The Help.

I hired a housekeeper today.

They are pretty common, not only among expatriate staff, but also many Indonesians.  They are called pembantus which means “House help”  Sometimes they even export themselves to work abroad.. Or they are exported.  I saw an article recently about how Indonesian housekeepers are a great source of foreign income , but some are not treated well, and live in indentured servitude in the middle-east and elsewhere.

I was skeptical about the need for one.  I mean we cooked and cleaned back home okay.  Not white glove, but our home wasn’t a hovel.  But everyone here has told us we need one.  Not only to help with cleaning and laundry, but to help with food preparation.  Vegetables aren’t always the cleanest and if you want them fresh they need to be soaked in a light chlorine solution and carefully peeled. They’re also helpful with knowing what foods are in season and how to prepare them. They can help with childcare and in general keeping the house occupied when you’re away and dealing with other workers and repairmen.  They can also run errands which is a great help when a simple task can take 2 hours in a car.

Everyone I’ve spoken to around here gives similar suggestions about what to pay.  All seem to struggle philosophically with the idea, but all suggest 2.5 million rupiahs per month and qualify this by saying that Americans pay the most for their staff.  Not because of any rule, but maybe because of some collective guilt.  

Anyway, if you do the math Rp 2.5m figures to be $217 per month, or, for an 8 hour day, less than a buck and quarter an hour.  I know, I know.  I feel your shame, believe me, I do.  But, if you ask around, this is apparently a living wage.  The mandated minimum wage is actually less than this, which perhaps explains why there are so many workers in the grocery stores and shopping malls. Almost every aisle has it’s own worker to keep things in order and answer questions.

So, I got my pembantu’s name through a classified ad. Her current employer was moving back to Hong Kong.  She had good references and spoke pretty good English. We arranged a time to meet.  

My guilt totally wrecked any ability to negotiate. I offered the suggested 2.5 million. She said she usually gets Rp 3,000,000 per month. Or, $1.50 an hour.   And was I really going to haggle over an extra 25 cents per hour?  No, I wasn’t.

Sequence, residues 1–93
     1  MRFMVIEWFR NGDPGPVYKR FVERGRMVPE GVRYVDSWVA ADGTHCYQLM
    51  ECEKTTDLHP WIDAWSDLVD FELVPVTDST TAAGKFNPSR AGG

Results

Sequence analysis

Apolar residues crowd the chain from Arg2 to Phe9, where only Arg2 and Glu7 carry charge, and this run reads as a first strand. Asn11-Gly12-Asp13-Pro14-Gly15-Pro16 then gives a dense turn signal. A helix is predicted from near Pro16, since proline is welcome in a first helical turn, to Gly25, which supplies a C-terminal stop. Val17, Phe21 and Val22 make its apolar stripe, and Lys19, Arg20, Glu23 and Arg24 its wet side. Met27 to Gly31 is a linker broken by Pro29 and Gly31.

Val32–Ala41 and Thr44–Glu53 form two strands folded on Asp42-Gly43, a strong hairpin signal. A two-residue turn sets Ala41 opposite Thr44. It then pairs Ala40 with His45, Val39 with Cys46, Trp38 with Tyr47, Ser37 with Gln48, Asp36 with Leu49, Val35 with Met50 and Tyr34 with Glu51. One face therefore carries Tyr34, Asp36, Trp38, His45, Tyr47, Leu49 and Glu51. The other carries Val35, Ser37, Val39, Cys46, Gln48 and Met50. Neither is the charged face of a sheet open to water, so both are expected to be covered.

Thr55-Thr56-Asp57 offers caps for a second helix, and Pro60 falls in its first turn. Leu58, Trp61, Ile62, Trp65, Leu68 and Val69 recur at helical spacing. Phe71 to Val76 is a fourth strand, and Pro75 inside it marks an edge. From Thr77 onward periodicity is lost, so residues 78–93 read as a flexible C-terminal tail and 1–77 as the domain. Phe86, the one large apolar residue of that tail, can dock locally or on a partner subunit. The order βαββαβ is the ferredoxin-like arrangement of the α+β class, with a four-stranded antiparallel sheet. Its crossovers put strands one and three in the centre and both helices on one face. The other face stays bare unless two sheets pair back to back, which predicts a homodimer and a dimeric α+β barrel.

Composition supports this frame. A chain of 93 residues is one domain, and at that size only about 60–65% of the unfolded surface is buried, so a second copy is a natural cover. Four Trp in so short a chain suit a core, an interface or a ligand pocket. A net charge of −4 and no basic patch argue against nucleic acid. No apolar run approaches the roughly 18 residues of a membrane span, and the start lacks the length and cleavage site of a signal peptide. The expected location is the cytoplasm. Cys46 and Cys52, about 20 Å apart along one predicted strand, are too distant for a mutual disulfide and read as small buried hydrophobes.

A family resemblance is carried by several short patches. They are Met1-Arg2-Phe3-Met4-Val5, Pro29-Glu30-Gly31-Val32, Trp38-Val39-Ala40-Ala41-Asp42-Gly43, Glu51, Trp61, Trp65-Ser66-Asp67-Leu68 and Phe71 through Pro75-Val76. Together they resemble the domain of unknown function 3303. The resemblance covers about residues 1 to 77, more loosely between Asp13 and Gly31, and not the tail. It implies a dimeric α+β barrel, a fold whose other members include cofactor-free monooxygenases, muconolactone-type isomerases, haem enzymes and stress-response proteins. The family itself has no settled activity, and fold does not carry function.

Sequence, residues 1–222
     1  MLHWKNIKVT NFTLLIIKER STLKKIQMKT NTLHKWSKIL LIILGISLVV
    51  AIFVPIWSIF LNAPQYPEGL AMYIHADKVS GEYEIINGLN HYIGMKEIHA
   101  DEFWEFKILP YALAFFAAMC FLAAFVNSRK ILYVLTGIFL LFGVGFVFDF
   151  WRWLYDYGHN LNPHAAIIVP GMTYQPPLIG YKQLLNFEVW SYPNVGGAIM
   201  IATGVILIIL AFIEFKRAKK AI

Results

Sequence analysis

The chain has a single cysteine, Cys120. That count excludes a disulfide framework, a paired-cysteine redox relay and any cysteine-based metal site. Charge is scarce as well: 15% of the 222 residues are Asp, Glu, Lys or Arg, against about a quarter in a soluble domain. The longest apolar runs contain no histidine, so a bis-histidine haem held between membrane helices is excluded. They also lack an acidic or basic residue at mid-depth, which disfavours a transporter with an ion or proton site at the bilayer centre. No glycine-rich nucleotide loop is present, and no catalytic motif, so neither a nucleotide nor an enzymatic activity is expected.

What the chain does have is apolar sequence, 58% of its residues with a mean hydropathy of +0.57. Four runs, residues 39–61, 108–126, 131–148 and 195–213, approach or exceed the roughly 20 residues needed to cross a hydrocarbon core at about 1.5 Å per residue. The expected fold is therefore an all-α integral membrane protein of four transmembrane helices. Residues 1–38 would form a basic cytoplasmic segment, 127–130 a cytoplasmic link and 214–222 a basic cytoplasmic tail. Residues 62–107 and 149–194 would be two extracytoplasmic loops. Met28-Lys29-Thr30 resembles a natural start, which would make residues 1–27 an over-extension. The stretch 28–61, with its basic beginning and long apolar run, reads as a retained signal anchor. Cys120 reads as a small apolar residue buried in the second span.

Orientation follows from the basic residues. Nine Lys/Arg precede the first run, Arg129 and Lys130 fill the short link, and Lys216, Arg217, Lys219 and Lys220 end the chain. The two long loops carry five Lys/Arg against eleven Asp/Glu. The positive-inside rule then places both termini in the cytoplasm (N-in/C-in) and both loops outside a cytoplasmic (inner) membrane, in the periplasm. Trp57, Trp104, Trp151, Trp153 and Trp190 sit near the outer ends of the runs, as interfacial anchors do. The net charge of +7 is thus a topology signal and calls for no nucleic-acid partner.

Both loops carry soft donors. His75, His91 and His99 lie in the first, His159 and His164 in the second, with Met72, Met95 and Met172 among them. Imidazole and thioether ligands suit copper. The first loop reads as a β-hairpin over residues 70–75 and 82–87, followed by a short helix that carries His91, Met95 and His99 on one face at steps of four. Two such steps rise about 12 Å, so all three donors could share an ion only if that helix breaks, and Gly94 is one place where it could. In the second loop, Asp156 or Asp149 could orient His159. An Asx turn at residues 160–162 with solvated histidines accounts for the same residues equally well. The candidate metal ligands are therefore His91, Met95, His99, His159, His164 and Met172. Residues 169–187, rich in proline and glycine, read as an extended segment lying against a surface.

Could she have Rp 400,000 ($40)  a month for transportation. A dollar each way for the bus? Sure.

She asked for Rp 400,000 ($40) per year (yes, per year) for clothing?  Of, course, I want my employees to look nice, so if $40 is what it takes, then consider it covered. .

How about noodles?  Would I cover the cost of a $1 packet of ramen noodles every day for lunch? Yes, I will keep the kitchen stocked with a choice of flavors of noodles.

All that, plus 300 dollars annually for a holiday bonus, 300 dollars a year for out of pocket health care expenses, and $2.50 cents per month for health insurance.  (Yes, you read that correctly, the affordable care act has nothing on this place)  She got everything she requested and I still struggled with it. I even sprang for the coffee we had as Starbucks.

Mrs S.A.M cautioned me not to give in so easily.  “You can’t let them take advantage of you.”  Which I’m aware of, but is the best place to establish the power relationship really over a packet of noodles?  We do have probation period, so we’ll see in two months how we work with each other and to see if I’m getting my money’s worth.

Normally, I really, REALLY enjoy comments and I’m interested in hearing from others about this, but I do publish this with some trepidation.  Please be gentle.

P.S. If you can’t enough of this sort of stuff, read more from Mrs. S.A.M herself at AdventuresInWonderland4.blogspot.com.

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